Amod Lele of Love of All Wisdom, in the comments of my second to last post, “A Partial Apology for Liberalism,” recommended that I read Alasdair MacIntyre’s After Virtue. Though I was skeptical for the first few chapters and I found some of the prose unclear, I wound up quite enjoying it. I’m not convinced of the demonstrative half of his argument, but I will discuss that in greater length later. Right now I want to focus on his discussion of Sophoclean tragedies.
After Virtue is not meant to be literary criticism, but it is important to MacIntyre’s argument to show that Aristotle’s ethical thinking developed out of a tradition of Greek, and then more specifically Athenian, ethical philosophy. Thus he discusses the ethical philosophy depicted in Homer’s Iliad and Odyssey–both the ethics of the characters and the ethics of the narrator, which differ–and then moves to those thinkers much closer to Aristotle’s own time: the sophists, Plato, and the tragedians. Of these last his exemplar is Sophocles. So he does something like genre analysis, looking at a feature which characterizes, to a greater or lesser degree, Athenian tragedy in general:
[In Sophocles’s Philoctêtês], Odysseus has been sent on a mission with Neoptolemus, the son of Achilles, to secure Philoctetes’ magical bow in the taking of Troy. Odysseus behaves in the play according to precisely the same canons which govern his behavior in the Odyssey. He does good to his friends, harm to his foes (thus satisfying one of the definitions of justice which Plato rejects at the beginning of the Republic). If he cannot get the aid of the bow by open means, his cunning will devise deceitful means. In the Odyssey that cunning is treated unambiguously as a virtue; and it is of course for his exercise of the virtues that a hero received honor. But Neoptolemus sees Odysseus’ stratagem to deceive Philoctetes as dishonorable. Philoctetes had been grossly wronged by the Greeks who had left him to suffer for nine long years on Lemnos; Philoctetes has nevertheless received Neoptolemus and Odysseus with trust. Even though he now refuses to come to the aid of the Greeks at Troy, it is wrong to deceive him. Sophocles uses Odysseus and Neoptolemus to confront us with two incompatible conceptions of honorable conduct, two rival standards for behavior. It is crucial to the structure of the tragedy that Sophocles offers us no resolution of this conflict; the action is interrupted, rather than completed by the intervention of the semi-divine Heracles, which rescues the characters from their impasse.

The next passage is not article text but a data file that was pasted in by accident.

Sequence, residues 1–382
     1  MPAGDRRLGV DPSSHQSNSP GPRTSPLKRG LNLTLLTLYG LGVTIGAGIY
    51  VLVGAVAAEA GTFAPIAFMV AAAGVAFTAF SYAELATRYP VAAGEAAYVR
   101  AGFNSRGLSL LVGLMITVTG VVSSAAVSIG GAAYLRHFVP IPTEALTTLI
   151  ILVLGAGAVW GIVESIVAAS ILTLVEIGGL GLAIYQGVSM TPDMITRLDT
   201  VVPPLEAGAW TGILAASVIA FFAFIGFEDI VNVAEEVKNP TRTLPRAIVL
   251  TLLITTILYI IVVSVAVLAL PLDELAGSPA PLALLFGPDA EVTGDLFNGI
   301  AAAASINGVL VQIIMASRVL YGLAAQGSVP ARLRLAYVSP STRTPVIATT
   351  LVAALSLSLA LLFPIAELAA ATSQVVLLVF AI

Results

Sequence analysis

I think part of the power of MacIntyre’s assessment is that it explains the deus ex machina rather than simply explaining it away. By this reading, introducing a god does more than straighten out a tangled plot–or, at least, the fact that only a god can untangle it is fundamental to the outlook behind Athenian tragedy (note that it was Aeschylus, not Sophocles, who wrote the Oresteia):
The intervention of a god in Greek tragedy — or at the very least an appeal to a god to intervene — often signals the disclosure of an incoherence in moral standards and vocabulary. Consider the Oresteia. The archaic and heroic rules of vendetta both enjoin and forbid Orestes to kill Clytemnestra. The intervention of Athena and the resolution of the issue between her and Apollo establish a conception of justice which shifts the center of authority in moral questions from the family and the household to the polis. In the Antigone the demands of the family and the polis appear precisely as rival and incompatible demands.
In the conflicts of Sophoclean tragedy therefore the attempt at resolution unsurprisingly invokes an appeal to and a verdict by some god. But the divine verdict always ends rather than resolves the conflict. It leaves unbridged the gap between the acknowledgment of authority, of a cosmic order and of claims to truth involved in the recognition of the virtues on the one hand and our particular perceptions and judgements in particular situations on the other.
The Sophoclean tragedy’s view of ethics is much different from that which follows, and according to MacIntyre that might explain Plato’s hostility to poets: for Plato, the Good is singular. Because all virtue is alignment with the transcendent idea of the Good, “within the city and within the person virtue cannot be in conflict with virtue.” Tragic drama depicts just such a situation, however, where choosing to adhere to one moral truth “does not exempt me from the authority of the claim which I chose to go against.” This might explain some (though likely not all) of Plato’s animus towards the poets.
For much the same reason, Aristotle misunderstands tragedies even as he praises them. Because he agrees with Plato that the virtues are all in harmony with each other, Aristotle attributes conflict to “either flaws of character in individuals or of unintelligent political arrangements.” Therefore on Aristotle’s reading, the tragic hero falls because of his hamartia, his fatal flaw, and not simply “because the human situation is sometimes irremediably tragic.”
I am not competent to say whether MacIntyre’s reading of Sophocles is a good one. I have only read Antigone, and not in its entirety, and not since high school. His reading’s ability to explain the deus ex machina as more than the tacky resolution of a poor playwright goes a long way to convincing me, but I’d have to read the plays to be sure. Nonetheless, I have to say I was pleasantly surprised to read about genres in this book: you all know much how I love that sort of thing.
As indicated above, MacIntyre also had things to say about classical epics on the one hand and the mediaeval romance on the other, both of which pertain to my past discussion of early modern epics. Perhaps I will write more on that at a later date.